UK Consumer Spending Report
Barclays Market and Customer Insights unlocks a wealth of customer transaction data and brings it to life so you can take action and shape your strategy.
We can help you keep up-to-date with spending trends, monitor your market position and enhance your understanding of customer behaviour, based on actual customer spending.
Leveraging anonymised data from our 250 million monthly customer transactions in the UK can help you understand who your customers are and how, when, and where they spend.
Consumer spending grew by 0.2% year on year in August, the first rise since February this year
Barclays UK Consumer Spend Report gives you a unique and up to date picture of the nation’s spending habits based on the actual transactions, bringing it to life so you can take action and shape your strategy.
Our latest report looks at UK Consumer spending patterns to the period 25 July to 21 August 2020.
Highlights this month:
- The 0.2% year-on-year growth in overall consumer spending reflects a much more positive picture for retail.
- Non-essential spending saw its smallest fall since the lockdown began, with a 1.6% drop year-on-year compared to a 4.7% fall in July.
- Essential spending rose by 5.1% year-on-year, largely driven by stronger growth in grocery purchasing.
- Online spending increased by 10.6% year-on-year and continues to claim a higher share of spend in most categories than before lockdown.
Big picture spend update
A big year-on-year uplift in grocery purchasing pushed essential spending up 5.1%. Despite lower pump prices, fuel spending recovered slightly, experiencing a 13.3% fall compared to July’s 22.2.% decline. Fuel transaction levels were very close to those of last year –down just 2.4% –reflecting an increase in staycations and people’s gradual return to workplaces.
Non-essential spending fell by just 1.6%, marking the smallest contraction since lockdown was initiated. The retail sector had a positive month in many areas, with clothing growth at 0.3%, its first increase since March 2019, boosted by end-of-season sales and back-to-school spending. Eating and drinking also enjoyed something of a resurgence, encouraged by the government’s Eat Out to Help Out scheme.
Category snapshot: what are UK consumers spending on?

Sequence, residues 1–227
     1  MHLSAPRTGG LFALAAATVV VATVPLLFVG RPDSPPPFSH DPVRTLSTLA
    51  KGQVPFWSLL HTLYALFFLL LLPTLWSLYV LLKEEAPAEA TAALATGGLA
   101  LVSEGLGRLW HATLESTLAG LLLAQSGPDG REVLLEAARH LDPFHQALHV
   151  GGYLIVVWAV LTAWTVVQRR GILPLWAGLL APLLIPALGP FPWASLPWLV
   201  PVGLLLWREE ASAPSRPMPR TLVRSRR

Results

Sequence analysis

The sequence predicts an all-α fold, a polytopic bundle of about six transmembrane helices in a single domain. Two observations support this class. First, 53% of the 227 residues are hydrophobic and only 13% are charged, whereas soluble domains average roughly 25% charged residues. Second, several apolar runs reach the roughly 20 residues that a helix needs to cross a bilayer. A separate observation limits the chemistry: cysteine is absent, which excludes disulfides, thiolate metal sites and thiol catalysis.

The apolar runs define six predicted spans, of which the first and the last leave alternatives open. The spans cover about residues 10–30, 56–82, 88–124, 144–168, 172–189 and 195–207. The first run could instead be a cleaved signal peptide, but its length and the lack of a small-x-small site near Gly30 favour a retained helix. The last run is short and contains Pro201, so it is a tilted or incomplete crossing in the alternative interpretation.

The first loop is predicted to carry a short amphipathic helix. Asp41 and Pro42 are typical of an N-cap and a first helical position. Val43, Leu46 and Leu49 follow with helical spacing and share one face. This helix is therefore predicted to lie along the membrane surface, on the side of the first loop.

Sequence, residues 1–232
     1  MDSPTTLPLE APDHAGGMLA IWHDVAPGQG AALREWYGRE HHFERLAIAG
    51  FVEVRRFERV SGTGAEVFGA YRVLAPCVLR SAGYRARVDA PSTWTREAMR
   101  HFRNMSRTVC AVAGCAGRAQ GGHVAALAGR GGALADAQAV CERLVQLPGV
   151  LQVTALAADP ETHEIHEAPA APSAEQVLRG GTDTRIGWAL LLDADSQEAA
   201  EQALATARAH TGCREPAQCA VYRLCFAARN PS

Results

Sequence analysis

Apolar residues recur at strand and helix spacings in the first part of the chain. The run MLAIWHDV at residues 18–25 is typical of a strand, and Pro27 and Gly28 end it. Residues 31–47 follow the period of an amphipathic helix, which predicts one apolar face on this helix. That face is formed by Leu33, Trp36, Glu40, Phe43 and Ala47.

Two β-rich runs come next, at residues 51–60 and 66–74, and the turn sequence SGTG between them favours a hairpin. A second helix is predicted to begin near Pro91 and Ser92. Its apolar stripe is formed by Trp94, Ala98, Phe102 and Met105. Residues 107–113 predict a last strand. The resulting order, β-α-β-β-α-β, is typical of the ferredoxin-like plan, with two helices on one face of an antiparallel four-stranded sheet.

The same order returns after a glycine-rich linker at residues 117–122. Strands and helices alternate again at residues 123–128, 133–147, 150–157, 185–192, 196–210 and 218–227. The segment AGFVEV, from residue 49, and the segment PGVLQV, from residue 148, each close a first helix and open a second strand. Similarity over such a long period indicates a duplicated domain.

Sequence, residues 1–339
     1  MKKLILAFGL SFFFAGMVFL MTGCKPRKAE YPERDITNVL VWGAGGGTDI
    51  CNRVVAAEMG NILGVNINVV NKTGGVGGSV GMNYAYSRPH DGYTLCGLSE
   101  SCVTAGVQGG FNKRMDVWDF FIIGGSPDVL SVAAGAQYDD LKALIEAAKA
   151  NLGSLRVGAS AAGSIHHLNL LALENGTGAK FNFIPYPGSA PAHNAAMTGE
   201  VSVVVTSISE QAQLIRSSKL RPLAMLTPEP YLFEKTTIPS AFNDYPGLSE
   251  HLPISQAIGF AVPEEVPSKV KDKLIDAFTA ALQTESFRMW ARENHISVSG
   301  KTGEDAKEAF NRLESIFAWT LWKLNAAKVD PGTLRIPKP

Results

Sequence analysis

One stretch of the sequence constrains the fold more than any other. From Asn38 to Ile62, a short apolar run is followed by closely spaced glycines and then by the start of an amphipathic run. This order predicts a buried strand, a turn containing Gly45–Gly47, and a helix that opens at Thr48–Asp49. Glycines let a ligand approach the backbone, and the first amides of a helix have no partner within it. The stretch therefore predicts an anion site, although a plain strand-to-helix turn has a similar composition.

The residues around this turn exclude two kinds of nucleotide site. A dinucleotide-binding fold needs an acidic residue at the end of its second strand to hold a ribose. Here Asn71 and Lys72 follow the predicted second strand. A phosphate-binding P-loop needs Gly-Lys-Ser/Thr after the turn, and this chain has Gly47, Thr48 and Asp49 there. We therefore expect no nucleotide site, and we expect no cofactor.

Retail enjoyed a better month overall, with a 17.1% year-on-year uplift, and increases in virtually all categories. A healthy increase in grocery shopping and an upsurge in online purchasing at specialist food and drink retailers led to the category’s largest increase by far this year at 54.7%. Clothing was another bright spot, achieving its first positive growth since March 2019, and department stores saw their smallest fall in spend since February. Specialist retailers such as sports & outdoor and florists performed more strongly, as did jewellers, as restrictions on weddings were relaxed.
While hospitality and leisure spending continued to decline overall, there were hopeful signs. The decline for hotels, resorts and accommodation was the smallest since lockdown. Eating and drinking enjoyed something of a recovery helped by the eat-out scheme, transaction volumes rose across the sector with takeaway and fast food seeing a 2.8% growth and transactions in pubs, bars and clubs were up 9.1% as people enjoyed summer weather and the chance to socialise. Restaurant transactions declined 39.1%, although this was a significantly smaller fall than the 64.2% seen in July as customers returned to take advantage of the eat-out scheme.
Channel snapshot: how are UK consumers spending?
Online spending increased by 10.6% to claim a 44% share of total spend as the high street continued to struggle despite stores reopening, with in-store buying down 6.7%. Online spend for both grocery shopping and eating and drinking has expanded massively, reflecting the ongoing trend towards fresh food and meal box deliveries.
Significantly, in almost all categories the online share of spend is still greater than it was pre-lockdown, indicating that even though stores have reopened, consumers are still more likely to be shopping online than they were before restrictions began. Supermarkets saw the largest uplift of any single online category at 102.7%, while online clothes shopping rose by 24.3%.